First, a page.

The participants will present their research in thematic panels. Each speaker will deliver a paper in English, followed by a discussion with an invited discussant. The best contributors will be invited to submit their papers for a special issue of a peer-reviewed academic journal, as well as shorter versions of their articles aimed at a general audience for a special issue of the Made in China Journal to be published in 2020.
Contributions may focus on, but are not limited to, the following questions and topics:
- The connection between the transformations of domestic economic development strategies and accumulation regimes on the one hand, and the expansion and globalization of China’s reach, on the other. In particular, what are the economic and political goals of the expansion of Chinese capital beyond “accumulation for accumulation’s sake”? (Lee 2017: 7);
- How China’s increasingly global reach and the expansion of Chinese capital has been received and represented at the levels of political and business elites, as well as ordinary citizens;
- How various flows and networks of migrants articulate with and rework the local political economies and the relationship between formal and informal labor and migration regimes and how this can be related to networks of accumulation, as well as to contentious politics;
- The changing politics and industry of migration: roles of brokers, migration infrastructures, trade unions, etc.;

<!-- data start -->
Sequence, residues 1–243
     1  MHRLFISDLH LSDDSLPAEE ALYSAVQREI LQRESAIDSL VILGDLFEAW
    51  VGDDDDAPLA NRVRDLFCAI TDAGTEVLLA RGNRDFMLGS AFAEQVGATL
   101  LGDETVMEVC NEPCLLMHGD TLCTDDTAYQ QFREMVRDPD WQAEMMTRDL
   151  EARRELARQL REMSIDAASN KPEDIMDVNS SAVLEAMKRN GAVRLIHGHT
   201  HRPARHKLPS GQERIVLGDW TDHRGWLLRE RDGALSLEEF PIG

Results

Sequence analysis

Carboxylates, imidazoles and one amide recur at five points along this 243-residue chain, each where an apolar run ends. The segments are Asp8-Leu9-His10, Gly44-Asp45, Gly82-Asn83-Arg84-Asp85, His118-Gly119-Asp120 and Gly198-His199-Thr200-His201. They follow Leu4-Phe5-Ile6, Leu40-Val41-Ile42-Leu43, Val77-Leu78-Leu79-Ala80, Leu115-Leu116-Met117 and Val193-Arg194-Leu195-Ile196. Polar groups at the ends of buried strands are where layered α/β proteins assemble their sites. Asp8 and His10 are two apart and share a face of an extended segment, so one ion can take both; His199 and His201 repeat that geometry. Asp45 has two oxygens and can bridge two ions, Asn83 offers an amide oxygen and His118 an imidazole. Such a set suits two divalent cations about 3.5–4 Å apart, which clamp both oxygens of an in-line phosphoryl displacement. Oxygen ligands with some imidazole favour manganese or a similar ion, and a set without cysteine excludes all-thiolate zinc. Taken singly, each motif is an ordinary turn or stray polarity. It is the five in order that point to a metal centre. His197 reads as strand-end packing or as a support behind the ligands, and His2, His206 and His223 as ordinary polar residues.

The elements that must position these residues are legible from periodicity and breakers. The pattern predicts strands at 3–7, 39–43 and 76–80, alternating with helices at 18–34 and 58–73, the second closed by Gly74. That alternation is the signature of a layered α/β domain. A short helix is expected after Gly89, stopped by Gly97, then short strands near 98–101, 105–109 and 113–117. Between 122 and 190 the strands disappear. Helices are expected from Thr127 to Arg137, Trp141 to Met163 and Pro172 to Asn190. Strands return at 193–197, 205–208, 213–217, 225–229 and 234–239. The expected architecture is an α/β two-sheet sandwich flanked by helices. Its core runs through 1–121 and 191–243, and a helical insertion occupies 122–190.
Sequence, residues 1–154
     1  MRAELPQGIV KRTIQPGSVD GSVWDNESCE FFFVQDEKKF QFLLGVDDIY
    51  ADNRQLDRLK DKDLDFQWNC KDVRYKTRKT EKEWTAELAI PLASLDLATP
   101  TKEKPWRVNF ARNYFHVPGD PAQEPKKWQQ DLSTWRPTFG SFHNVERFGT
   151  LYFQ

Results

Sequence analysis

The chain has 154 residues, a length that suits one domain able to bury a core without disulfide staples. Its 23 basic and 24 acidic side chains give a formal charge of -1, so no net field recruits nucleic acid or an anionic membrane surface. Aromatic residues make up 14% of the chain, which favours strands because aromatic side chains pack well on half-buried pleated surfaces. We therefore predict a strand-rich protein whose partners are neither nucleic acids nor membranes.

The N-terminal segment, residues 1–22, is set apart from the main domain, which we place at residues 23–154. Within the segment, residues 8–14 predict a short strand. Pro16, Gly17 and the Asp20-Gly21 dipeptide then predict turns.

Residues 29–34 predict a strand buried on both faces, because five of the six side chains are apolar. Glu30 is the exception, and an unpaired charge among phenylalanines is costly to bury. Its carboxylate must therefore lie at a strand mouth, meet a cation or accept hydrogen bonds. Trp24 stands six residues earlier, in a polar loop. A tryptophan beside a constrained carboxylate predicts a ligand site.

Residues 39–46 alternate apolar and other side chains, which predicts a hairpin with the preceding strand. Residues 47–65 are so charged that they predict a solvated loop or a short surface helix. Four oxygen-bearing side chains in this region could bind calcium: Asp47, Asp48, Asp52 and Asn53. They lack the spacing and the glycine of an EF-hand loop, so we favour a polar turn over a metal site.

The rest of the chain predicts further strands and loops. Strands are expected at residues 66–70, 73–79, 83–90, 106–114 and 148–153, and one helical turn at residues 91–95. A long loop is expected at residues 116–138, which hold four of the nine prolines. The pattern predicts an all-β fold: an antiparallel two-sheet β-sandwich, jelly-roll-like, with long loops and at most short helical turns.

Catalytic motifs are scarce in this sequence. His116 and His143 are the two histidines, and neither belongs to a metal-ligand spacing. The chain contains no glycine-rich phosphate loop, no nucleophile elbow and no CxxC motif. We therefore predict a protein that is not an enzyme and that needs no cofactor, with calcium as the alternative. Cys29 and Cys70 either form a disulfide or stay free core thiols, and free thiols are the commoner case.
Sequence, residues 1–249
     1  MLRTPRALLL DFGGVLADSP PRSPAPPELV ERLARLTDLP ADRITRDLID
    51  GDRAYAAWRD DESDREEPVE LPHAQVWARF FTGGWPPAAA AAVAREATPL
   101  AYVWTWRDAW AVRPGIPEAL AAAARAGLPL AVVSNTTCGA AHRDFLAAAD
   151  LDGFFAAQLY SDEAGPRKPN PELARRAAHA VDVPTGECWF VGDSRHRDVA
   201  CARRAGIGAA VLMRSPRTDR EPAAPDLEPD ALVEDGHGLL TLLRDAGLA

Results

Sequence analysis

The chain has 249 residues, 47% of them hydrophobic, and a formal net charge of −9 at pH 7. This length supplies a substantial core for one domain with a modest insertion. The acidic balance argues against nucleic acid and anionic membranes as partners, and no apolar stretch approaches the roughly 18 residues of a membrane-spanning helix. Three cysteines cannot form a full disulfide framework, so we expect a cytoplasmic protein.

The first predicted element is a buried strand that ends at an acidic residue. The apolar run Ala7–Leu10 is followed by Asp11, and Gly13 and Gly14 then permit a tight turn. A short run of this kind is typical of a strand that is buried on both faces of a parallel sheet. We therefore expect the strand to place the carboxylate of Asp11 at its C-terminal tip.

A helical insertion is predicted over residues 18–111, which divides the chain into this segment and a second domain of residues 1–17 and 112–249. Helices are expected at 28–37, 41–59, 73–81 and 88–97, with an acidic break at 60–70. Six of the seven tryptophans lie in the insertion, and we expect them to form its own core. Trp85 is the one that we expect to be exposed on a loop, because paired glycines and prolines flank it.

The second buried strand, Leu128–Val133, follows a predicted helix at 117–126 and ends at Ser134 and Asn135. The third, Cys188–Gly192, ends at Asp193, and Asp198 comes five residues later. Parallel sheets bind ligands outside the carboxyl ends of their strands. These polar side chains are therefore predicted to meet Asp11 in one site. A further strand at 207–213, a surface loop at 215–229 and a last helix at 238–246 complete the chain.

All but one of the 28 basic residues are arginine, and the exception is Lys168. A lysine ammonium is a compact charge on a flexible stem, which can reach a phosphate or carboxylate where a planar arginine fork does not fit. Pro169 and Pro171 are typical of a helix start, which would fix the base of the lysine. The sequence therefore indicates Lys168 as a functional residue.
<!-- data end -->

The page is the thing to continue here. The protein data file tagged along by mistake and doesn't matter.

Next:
- How these flows alter the relationship between different generations of (im)migrants, the politics of ethnicity and identity, and the relationship with the Chinese state; what roles do the various Chinese associations and networks play in these economic, political, and cultural processes?
- The transformation of the Chinese state’s representation of international Chinese migrants and how this resonates with changing economic development paradigms and strategies in foreign policy.
The full programme of the conference is available here
Lee Ching Kwan (2017). The Specter of Global China: Politics, Labor, and Foreign Investment in Africa. Chicago: University of Chicago Press.
Mezzadra, Sandro and Brett Neilson (2013). Border as Method, or the Multiplication of Labor, Durham, NC and London: Duke University Press.
Nyiri, Pal (2012). «Enclaves of improvement: Sovereignty and developmentalism in the special zones of the China-Lao borderlands». Comparative Studies in Society and History, 54(3), 533-562. DOI: 10.1017/S0010417512000229
Tan, Danielle et Caroline Grillot (2014). L’Asie du Sud-Est dans le « siècle chinois » : Cambodge, Laos et Viêt Nam. Nouvelle édition [online]. Bangkok : Institut de recherche sur l’Asie du Sud-Est contemporaine, http://books.openedition.org/irasec/1169>. ISBN : 9782355960260. DOI : 10.4000/books.irasec.1169.
Alpermann Bjorn (University of Würzburg)
Judith Audin (CEFC)
Sébastien Billoud (CEFC)
Jean-Pierre Cabestan (Hong Kong Baptist University)
Bu Maoliang (Nanjing University)
Sébastien Colin (National Institute of Oriental Languages and Civilizations, Paris)
Eric Florence (CEFC)
Ivan Franceschini (Australian National University)
Nicholas Loubere (Lund University)
Ching Kwan Lee (University of California, Los Angeles)
David O’brien (University of Nottingham)
Florence Padovani (CFC, CEFC)
David Palmer (The University of Hong Kong)
Judith Pernin (CEFC)
Céline Pierdet (CEFC)
Christoph Steinhardt (The University of Vienna)
Kellee Tsai (Hong Kong University of Science and Techonology)
June Wang (City University of Hong Kong)
Tao Xie (Beijing Foreign Studies University)
Zhan Zhang (Università della Svizzera italiana)
Yu Zheng (University of London)